October 4, 2016
Building Math Confidence: It Takes Math to Make a STEM Career

By Eloy Ortiz, MURP | October 4, 2016
Research Associate, ETR

Our nation has a vital interest in building a better pipeline to careers in STEM. However, females, Blacks and Latinos are substantially underrepresented in tech professions. ETR has had a longstanding commitment to exploring ways to boost the presence of women and underrepresented minorities in the tech world. A number of our research projects explore strategies to support a more diverse presence in the field.

Our Math Pathways project seeks to provide some pieces in the puzzle of identifying the factors that will help Latino students succeed in math. We know it’s important to build and sustain math confidence early in children’s education. Most students who decide to focus on STEM studies make that choice during high school, and increasingly, STEM competence is seen as a necessary emphasis for all students, from pre-K through grade 12.

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Tags: Research, Diversity in technology, Math confidence, Math Pathways, Family influence
Extra Innings: Using a Video Game and Baseball to Teach Science and Math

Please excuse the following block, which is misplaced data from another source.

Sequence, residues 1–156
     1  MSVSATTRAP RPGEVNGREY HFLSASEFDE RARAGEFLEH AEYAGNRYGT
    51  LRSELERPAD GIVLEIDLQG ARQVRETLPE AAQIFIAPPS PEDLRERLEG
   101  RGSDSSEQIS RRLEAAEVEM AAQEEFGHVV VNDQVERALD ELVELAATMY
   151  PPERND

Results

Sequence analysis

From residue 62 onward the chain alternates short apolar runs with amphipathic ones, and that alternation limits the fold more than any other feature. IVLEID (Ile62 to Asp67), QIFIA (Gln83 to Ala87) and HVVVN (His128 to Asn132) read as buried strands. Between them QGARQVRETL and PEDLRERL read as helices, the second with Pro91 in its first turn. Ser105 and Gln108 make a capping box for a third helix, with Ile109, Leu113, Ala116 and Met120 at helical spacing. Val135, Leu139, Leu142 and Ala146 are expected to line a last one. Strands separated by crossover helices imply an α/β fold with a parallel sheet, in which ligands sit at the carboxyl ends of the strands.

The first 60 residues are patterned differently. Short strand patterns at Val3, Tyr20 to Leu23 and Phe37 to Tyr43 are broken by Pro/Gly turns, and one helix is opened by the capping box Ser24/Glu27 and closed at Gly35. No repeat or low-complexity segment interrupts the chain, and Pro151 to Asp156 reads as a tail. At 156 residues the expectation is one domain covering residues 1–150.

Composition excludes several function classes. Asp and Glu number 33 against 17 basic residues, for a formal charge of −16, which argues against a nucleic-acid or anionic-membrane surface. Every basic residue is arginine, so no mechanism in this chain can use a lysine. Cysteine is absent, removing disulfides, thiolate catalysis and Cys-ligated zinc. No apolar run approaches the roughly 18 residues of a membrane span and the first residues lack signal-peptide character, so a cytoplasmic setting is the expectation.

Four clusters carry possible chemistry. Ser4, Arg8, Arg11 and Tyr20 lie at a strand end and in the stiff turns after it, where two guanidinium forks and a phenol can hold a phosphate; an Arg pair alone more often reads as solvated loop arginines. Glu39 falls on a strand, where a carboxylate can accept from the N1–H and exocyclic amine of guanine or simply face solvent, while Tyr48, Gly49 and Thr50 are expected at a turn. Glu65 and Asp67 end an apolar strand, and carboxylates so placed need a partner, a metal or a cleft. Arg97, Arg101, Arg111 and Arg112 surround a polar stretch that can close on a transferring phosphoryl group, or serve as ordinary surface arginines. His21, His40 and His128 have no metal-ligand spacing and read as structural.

September 15, 2016
Extra Innings: Using a Video Game and Baseball to Teach Science and Math

By Erica Marsh | September 15, 2016
Project Coordinator, ETR

Extra Innings is a new project which will be building a mobile video game to teach math and science. It’s a collaboration between ETR, dfusion and Science of Sport.

What’s new and different about it? We’re using a curriculum called Science of Baseball as the foundation, and we’ll be doing a formal evaluation of its efficacy.

The existing Science of Baseball curriculum represents a collaboration between Science of Sport, Major League Baseball, and several MLB franchises, including the Arizona Diamondbacks. It empowers students to improve academic performance and confidence in science and math through experiential learning of baseball concepts.

So let’s play ball! We hope to show that curve balls and strike zones blend very nicely with geometry, biomechanics, data visualization, aerodynamics and other STEM topics.

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Tags: Research, STEM, STEM education, Baseball, Mobile apps
Increasing Diversity in STEM: Free Tip Sheets Can Boost Your Success
August 17, 2016
Increasing Diversity in STEM: Free Tip Sheets Can Boost Your Success

By ETR | August 17, 2016

One of ETR’s areas of focus is Diversity in IT. Our team is nationally known for its work in research, evaluation and promoting strategies to increase diversity in STEM fields. They’ve done original research, developed and tested programs and learning approaches, and built partnerships that boost pathways from school to college to the workforce.